This important document was preceded in 1980 – that is, only one year after the election of Karol Wojtyla to the throne of St. Peter – by a Synod of Bishops devoted to the Family. The Synod Fathers called for the creation of theological Centres dedicated to the Study of the Church's teaching on Marriage and the Family. Accordingly, Pope John Paul II responded to the Synod Fathers' recommendation with the establishment of the Pontifical Institute for Studies on Marriage and the Family and the Pontifical Council for the Family. The Institute's foundation was to be announced in the Wednesday Audience of May 13th 1981. But we all know what happened on that memorable day. Subsequently, on account of the attempted assassination of Pope John Paul II, the Institute's Apostolic Constitution was given on October 7th 1982 with effect from 14th October 1982. Its purpose 'is to offer the whole Church that contribution of theological and pastoral reflection, without which the evangelising mission of the Church would lack an essential aid'.

Since this date, several sessions of the John Paul II Institute have been established in the five continents with centres in Washington (USA), Mexico City (Mexico), Valencia (Spain), Cotonou (Benin), San Salvador da Bahia (Brazil), Changanacherry (India). In a few days, during the annual Council of the John Paul II Institute in Rome on 24th and 25th June, the request for the establishment of two new sessions, in Australia and Ireland, will be made to the Congregation for Catholic Education. The foundation of the John Paul II Institute for Studies on Marriage and the Family and the rapid extension of its sister Institutes highlight the importance given to the couple and to family life.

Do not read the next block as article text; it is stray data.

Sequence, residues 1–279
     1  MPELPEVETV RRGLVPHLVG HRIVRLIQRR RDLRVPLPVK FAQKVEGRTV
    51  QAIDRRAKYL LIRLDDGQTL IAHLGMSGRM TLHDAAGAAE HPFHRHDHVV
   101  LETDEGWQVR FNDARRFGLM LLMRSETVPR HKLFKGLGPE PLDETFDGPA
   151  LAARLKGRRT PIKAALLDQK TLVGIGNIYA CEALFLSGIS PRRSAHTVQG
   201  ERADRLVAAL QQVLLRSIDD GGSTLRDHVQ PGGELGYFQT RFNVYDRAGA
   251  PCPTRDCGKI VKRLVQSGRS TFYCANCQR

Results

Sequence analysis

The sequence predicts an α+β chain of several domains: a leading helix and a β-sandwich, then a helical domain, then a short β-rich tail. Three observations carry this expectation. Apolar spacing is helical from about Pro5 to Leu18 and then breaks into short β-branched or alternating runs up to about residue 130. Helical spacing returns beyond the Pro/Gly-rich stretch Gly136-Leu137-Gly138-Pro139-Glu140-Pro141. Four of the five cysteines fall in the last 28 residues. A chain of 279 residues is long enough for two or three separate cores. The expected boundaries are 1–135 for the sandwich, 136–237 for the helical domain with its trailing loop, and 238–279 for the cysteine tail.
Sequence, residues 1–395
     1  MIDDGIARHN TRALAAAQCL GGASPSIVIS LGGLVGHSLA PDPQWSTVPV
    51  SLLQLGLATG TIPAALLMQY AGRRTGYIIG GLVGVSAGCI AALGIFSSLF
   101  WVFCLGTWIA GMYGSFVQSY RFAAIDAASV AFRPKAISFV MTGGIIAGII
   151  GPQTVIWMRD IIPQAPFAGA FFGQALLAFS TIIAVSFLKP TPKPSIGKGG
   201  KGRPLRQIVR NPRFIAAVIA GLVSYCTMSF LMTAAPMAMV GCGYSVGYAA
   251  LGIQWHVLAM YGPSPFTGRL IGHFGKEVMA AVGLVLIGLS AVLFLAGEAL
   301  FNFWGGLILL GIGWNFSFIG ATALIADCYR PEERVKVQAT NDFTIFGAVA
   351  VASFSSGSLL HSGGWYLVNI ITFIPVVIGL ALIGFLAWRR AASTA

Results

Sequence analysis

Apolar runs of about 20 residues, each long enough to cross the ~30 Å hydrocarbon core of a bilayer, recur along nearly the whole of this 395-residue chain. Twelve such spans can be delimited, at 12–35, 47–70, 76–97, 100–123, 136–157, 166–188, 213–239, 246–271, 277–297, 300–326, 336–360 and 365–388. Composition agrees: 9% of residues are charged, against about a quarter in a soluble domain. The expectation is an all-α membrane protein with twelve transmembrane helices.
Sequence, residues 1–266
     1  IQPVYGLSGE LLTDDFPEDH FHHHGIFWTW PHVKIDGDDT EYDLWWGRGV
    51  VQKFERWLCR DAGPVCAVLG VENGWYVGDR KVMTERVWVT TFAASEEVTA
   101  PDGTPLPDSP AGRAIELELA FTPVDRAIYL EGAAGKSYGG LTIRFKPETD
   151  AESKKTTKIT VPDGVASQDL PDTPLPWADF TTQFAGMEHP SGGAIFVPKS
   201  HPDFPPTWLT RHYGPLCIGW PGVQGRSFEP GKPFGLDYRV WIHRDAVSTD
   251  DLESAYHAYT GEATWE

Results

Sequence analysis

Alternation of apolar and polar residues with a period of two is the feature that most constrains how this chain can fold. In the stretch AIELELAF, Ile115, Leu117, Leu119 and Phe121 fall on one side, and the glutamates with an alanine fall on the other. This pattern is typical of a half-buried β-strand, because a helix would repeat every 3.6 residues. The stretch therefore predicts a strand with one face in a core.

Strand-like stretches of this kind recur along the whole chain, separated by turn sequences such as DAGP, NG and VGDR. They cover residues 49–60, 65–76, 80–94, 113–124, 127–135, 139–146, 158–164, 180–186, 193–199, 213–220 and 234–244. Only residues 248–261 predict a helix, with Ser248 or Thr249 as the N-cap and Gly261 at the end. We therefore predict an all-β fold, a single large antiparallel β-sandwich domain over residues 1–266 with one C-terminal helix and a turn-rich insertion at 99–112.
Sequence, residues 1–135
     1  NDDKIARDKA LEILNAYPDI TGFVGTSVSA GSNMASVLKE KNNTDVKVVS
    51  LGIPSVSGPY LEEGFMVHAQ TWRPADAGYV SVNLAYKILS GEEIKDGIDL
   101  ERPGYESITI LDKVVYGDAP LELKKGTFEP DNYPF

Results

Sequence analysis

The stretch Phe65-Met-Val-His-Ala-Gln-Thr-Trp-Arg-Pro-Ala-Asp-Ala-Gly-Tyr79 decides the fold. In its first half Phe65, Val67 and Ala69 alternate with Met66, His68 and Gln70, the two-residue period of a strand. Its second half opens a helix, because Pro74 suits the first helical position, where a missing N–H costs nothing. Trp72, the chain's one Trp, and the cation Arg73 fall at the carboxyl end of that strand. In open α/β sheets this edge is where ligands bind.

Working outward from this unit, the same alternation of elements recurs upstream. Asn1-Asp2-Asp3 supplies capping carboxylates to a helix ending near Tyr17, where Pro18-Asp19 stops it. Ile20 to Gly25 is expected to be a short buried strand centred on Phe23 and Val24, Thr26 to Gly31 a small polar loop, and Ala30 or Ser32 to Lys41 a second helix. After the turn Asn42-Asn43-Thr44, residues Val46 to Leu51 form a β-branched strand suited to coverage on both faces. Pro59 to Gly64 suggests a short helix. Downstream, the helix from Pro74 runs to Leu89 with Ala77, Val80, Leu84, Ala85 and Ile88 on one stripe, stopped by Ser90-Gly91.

The Institute affords a specific contribution to theological research and evangelisation not only by promoting 'a deeper understanding of God's plan for the person, marriage and the family'. Its specific task indeed consists of combining 'theological, philosophical and scientific reflection with the constant attention to the cura animarum'. Within the Institute's activities careful heed is taken of the perennial interaction between theory and practice, theological reflection and pastoral care, experienced by Pope John Paul II himself while he was involved with young people in the university chaplaincy of Krakow. In this way, the Institute puts into practice what great theologians of the twentieth century such as Henri de Lubac and Louis Bouyer have proclaimed and suffered for, i.e. the reduction of the split between theology and Christian life, theoretical reflection and concrete human existence.

Challenges for a new or re-evangelisation of the relationships between man and woman and in family life